Cardiovascular Disorder Risk May Increase Due to Dipping Temperatures in Existing Winter

Doctor advises citizens with heart disease not to go for morning walk

Mumbai/Navi Mumbai: Due to the effect of northern snowfall, north and north-westerly winds, there will be an increase in the cold in Thane Mumbai Raigad along with the Konkan region. According to the information given by the Meteorological Department, dense fog is likely to prevail in various areas for the next few days. In Uttar Pradesh’s Kanpur, hundreds of people have lost their lives due to heart attacks in just 5 days. Some are fighting for life and death as blood vessels constrict in the extreme cold, disrupting the blood supply to the heart. Also, exercise is done early in the morning, and due to physical activity, there is a possibility of heart attack due to stress on the heart. Therefore, cardiologists have advised that heart disease patients should not do exercise or physical activity early in the morning in cold weather.


Giving more information about this, Interventional Cardiologist Dr. Tamiruddin Danwade from Terna Speciality Hospital & Research Centre says, “The risk of heart attack is highest as our body balance gets disturbed due to decrease in temperature in winter. Due to a drop in body temperature, decreased levels of vitamin D in the body, and an increase in blood viscosity, saying that they may heighten the risk of cardiovascular diseases during the winter season. Catecholamines are important in stress responses. High levels cause high blood pressure which can lead to headaches, sweating, pounding of the heart, pain in the chest, and anxiety. When the amount of catecholamines in the body increases, the heart rate, blood pressure, and breathing rate increase. It increases the risk of heart attack or stroke in winter.”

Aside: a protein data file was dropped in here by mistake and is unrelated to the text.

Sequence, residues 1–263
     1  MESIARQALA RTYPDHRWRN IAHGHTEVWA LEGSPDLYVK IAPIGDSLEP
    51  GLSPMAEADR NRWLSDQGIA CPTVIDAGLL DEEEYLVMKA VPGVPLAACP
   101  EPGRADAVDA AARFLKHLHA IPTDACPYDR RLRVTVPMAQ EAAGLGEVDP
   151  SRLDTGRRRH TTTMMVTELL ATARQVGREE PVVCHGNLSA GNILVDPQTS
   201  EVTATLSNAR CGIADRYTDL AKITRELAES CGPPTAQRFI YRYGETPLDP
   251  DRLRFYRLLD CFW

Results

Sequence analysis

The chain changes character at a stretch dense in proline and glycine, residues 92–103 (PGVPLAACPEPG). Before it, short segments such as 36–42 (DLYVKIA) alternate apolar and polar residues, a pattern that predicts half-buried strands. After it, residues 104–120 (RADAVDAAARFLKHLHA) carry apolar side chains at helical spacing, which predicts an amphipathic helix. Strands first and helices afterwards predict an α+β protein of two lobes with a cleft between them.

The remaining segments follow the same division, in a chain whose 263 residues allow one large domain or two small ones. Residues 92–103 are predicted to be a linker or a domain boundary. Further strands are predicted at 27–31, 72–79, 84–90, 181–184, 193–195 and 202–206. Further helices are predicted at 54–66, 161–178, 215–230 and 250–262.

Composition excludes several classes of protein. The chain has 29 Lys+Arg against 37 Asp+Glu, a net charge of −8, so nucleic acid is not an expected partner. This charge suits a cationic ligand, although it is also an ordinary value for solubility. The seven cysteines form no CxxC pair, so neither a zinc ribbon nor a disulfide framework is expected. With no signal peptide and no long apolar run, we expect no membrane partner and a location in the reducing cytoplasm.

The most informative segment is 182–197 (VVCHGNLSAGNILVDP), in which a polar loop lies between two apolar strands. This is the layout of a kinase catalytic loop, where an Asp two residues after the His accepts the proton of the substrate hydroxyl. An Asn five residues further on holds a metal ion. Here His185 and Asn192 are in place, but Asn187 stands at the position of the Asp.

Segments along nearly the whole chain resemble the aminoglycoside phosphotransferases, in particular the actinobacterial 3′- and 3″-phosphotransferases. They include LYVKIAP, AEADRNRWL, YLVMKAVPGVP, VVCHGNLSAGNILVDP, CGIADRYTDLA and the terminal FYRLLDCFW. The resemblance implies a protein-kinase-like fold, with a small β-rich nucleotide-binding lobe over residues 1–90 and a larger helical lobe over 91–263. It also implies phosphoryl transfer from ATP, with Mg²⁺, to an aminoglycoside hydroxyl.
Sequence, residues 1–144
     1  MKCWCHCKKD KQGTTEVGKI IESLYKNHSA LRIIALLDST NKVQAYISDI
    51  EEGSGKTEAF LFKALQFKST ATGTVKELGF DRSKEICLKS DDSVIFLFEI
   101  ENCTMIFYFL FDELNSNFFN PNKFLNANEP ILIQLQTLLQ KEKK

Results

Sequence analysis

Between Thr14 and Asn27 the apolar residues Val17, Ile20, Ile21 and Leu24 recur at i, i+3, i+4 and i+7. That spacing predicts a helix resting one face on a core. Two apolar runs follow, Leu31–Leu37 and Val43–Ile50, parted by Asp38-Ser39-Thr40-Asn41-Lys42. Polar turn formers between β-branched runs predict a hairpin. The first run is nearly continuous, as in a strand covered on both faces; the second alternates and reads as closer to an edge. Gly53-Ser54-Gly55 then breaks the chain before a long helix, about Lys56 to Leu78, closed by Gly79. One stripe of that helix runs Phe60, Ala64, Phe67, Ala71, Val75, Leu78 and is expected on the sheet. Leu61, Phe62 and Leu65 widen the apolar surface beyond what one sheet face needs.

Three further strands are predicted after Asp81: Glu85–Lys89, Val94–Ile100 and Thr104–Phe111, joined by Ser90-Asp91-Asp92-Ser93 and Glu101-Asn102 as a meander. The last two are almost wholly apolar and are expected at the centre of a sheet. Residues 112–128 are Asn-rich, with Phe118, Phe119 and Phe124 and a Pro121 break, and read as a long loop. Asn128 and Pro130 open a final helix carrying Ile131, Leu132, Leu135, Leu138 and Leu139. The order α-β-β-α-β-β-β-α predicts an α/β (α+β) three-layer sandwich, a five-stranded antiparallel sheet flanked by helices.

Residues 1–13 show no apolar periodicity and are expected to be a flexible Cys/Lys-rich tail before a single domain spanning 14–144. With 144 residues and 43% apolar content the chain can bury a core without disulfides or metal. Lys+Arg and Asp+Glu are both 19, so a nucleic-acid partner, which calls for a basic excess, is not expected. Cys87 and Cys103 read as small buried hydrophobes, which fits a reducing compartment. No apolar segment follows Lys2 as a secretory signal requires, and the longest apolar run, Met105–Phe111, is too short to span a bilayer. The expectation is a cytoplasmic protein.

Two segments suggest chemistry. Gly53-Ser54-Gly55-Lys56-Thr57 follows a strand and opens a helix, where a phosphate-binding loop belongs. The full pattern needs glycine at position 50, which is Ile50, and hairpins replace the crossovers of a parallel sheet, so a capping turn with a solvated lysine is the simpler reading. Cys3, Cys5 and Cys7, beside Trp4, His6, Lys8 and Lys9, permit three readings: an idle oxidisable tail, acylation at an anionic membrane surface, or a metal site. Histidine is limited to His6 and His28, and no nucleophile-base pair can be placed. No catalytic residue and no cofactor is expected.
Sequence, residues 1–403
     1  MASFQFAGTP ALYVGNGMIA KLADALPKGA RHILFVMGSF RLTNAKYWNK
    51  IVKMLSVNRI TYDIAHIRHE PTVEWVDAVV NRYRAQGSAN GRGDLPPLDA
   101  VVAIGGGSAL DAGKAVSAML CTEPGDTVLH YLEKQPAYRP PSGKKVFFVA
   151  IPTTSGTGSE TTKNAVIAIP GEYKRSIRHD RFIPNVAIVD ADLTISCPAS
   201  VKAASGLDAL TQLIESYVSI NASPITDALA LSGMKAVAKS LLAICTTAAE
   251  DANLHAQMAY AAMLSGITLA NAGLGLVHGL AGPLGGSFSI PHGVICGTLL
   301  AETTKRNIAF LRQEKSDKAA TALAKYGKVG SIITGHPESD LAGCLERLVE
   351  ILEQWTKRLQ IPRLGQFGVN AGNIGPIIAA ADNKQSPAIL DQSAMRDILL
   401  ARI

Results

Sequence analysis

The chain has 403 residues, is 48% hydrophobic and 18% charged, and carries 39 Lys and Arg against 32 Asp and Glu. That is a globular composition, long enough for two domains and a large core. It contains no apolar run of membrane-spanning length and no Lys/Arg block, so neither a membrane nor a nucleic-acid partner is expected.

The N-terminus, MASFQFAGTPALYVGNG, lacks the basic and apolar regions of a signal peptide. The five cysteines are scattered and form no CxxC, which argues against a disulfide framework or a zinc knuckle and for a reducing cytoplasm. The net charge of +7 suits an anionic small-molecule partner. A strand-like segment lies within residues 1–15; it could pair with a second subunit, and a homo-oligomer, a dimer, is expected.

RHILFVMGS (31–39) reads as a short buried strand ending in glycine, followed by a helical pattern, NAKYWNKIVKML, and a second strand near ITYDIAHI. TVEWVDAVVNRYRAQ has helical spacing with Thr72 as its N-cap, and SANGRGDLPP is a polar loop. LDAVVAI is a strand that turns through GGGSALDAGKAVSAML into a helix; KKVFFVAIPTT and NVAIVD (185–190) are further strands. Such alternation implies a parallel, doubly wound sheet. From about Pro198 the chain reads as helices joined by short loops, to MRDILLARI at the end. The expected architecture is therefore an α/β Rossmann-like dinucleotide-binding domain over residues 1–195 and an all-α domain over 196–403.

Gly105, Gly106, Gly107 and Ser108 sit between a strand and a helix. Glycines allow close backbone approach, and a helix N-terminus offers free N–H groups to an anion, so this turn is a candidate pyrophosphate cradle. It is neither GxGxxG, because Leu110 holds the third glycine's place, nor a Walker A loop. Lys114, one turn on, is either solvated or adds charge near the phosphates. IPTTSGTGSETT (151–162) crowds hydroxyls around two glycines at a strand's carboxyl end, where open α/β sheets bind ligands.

Navi Mumbai, which is away from the crowd of Mumbai and has got the honor of planning city i.e. planned city, is the most affected by pollution and in the last ten days due to increasing dust and vehicular pollution in the city, many citizens are suffering from respiratory diseases and this pollution is causing heart disease. Air pollution and heart disease have emerged over the past decade as major challenges facing India—and China and all other developing countries—today. The problems are linked: Air pollution is a major risk factor for heart disease.

Giving more information about this, Dr. Sanjay Tarlekar Cardiologist & Director of Shushrusha Heart Care and Specialty Hospital in Nerul said, “Increased pollution increases the risk of respiratory-related diseases. But, it can cause heart disease too. According to research conducted by the American Heart Association, air pollution can cause irregular heartbeats. Particle pollution—also called particulate matter (PM)—is made up of particles (tiny pieces) of solids or liquids in the air. Research shows that short- and long-term exposure to particulate pollution are both linked to an increased risk of heart attacks and other forms of heart disease. When pollutants are inhaled, they trigger an increase in “reactive oxygen species”—superoxiding molecules that damage cells, cause inflammation in the lungs, and spark the cascade of harmful effects in the heart and cardiovascular system.”

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